Markets reacted positively to the news the US had not slowed to the 1.4% expected in the second quarter.
The S&P 500 was up 0.29% while the Dow Jones gained 0.27% as the economy grew at an annual rate of 1.6% in Q2. The FTSE 100 was up 0.18% to 5,164 in afternoon trading.
The second estimate for Q2, released by the Bureau of Economic Analysis, is less than the advance estimate issued last month which said real GDP was 2.4% for the second quarter.
The BEA blamed the decline on a sharp acceleration in imports, but commentators suggest poor housing sales and employment figures are also dragging on the economy.
The US is not sliding back into a 2008-style recession, says BlackRock's Kevin Rendino, despite these latest GDP figures showing a slowdown in economic growth.
"There has been a lack of recovery in the housing market and there is a lot of hesitancy to hire. Consumer discretionary and retail sales trends are also sluggish."
"A lot of this is to do with fears about the amount of debt on the Government's balance sheet, adds the manager of the £1.2bn BGF US Basic Value fund.
He also says there have been reports that 5% of GDP growth in the second quarter was caused by Government stimulus, so if this was taken out, the real figure could already be in recession territory.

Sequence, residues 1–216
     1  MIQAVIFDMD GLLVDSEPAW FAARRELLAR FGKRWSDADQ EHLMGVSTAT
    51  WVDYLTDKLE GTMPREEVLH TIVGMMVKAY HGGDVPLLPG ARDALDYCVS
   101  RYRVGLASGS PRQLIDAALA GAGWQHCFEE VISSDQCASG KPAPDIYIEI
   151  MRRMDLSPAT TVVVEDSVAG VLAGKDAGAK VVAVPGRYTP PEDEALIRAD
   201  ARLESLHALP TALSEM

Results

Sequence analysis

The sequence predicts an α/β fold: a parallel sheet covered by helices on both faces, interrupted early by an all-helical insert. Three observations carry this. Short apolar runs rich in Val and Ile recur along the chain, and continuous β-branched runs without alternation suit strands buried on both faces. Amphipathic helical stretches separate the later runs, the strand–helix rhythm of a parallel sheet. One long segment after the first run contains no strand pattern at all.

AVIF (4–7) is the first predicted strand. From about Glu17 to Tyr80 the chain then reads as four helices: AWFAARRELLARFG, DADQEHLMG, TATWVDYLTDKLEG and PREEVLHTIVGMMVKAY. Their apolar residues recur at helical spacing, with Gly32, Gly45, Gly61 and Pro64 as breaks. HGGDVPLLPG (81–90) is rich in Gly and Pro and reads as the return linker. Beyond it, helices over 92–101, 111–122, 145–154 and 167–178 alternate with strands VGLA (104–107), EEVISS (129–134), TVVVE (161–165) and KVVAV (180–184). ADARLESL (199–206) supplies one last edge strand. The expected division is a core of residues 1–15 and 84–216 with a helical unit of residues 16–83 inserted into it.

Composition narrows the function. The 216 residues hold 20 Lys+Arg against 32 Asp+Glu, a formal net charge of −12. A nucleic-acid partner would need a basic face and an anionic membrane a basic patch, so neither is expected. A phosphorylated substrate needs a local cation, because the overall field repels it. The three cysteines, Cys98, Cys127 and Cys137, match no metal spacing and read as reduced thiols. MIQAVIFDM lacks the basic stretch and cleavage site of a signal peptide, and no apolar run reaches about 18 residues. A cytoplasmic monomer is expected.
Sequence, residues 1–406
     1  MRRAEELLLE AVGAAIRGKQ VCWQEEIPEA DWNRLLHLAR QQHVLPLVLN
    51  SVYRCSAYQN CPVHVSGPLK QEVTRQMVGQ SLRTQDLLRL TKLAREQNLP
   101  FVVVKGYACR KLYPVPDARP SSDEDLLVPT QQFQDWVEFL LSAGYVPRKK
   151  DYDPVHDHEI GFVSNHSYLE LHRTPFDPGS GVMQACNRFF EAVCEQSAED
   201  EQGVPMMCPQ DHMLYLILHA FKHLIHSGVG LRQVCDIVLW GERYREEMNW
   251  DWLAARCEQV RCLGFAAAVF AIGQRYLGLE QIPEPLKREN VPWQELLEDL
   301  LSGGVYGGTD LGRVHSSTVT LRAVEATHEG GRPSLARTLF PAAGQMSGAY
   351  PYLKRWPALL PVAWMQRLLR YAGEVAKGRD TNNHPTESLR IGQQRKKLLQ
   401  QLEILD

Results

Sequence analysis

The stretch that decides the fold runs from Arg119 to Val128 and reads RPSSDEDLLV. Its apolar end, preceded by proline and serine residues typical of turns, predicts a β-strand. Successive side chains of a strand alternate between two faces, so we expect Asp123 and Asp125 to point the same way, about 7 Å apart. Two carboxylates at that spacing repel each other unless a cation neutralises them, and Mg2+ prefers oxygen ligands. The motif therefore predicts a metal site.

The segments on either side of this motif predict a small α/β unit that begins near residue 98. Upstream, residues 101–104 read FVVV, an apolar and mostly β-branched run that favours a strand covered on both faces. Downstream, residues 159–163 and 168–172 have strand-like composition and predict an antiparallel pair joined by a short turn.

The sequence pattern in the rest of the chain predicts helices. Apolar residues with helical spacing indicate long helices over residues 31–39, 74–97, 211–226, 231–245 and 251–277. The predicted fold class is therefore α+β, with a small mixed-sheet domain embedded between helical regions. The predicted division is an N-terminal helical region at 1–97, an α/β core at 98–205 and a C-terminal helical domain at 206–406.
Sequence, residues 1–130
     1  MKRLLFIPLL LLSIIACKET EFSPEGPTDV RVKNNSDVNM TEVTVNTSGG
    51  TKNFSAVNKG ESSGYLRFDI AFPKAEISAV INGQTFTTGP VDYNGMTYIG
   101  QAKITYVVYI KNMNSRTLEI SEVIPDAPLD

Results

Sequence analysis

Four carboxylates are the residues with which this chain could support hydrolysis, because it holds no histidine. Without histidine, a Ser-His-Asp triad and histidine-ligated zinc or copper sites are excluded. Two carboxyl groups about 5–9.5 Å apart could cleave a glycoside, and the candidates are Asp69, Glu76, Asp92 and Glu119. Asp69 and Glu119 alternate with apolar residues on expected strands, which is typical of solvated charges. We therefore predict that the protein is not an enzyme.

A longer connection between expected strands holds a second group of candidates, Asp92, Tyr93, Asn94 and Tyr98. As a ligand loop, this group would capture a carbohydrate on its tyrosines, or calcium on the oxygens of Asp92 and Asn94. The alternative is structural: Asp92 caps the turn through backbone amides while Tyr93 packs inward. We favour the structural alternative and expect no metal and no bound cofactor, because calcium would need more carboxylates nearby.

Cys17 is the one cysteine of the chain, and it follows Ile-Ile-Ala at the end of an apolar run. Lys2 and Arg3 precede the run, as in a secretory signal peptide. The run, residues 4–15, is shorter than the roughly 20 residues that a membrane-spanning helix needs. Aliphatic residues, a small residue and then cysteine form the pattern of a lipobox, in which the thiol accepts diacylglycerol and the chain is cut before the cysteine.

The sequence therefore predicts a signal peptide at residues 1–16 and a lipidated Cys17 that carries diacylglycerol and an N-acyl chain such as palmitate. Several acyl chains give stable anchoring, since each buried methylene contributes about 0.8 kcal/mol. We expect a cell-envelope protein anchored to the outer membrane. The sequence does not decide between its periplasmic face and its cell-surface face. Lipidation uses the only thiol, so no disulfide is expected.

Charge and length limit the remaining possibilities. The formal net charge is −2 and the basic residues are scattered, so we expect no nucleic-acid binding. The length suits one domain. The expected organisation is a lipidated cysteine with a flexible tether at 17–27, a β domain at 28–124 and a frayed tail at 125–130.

"I think we are seeing a double dip in housing and retail sales but not a fully-fledged recession like we saw in 2008. These figures were not unexpected and equity prices are already reflecting this so to me it is meaningless.
"De-leveraging needs to take place and that could happen over the next two to three years. This is not helpful for the economy," Rendino adds.
He anticipates growth in the third quarter to be around the 1.6% level, certainly not accelerating any higher.
Jeremy Cook, chief economist at World First, is more fearful of the figures and says growth could fall much further.
"This is still a downgraded growth rate. Retail sales, consumer confidence, business spending are all still looking atrocious. The forward looking Durable Goods Orders measure, published on Wednesday, showed that the financial foundations are looking increasingly shaky across the pond for the third quarter. I fully expect to see a GDP figure below 1% for Q3. ‘Not as bad as expected' is the refuge of the double dip deniers today."
However, Paul Ashworth, Capital Economics' senior US economist, says there are some positive signs in the second estimate report. He says corporate profits increased and consumption growth is estimated to have accelerated slightly.
"Q2 wasn't as bad as the headline GDP figure looks but, unfortunately, that doesn't mean Q3 is going to be any better. It could easily be even worse. As it stands now, it looks like domestic sales growth slowed sharply," he says.
Investors are awaiting a speech to be given by Federal Reserve chairman Ben Bernanke in the next few hours in which he is likely to discuss the uncertain outlook for the US economy.
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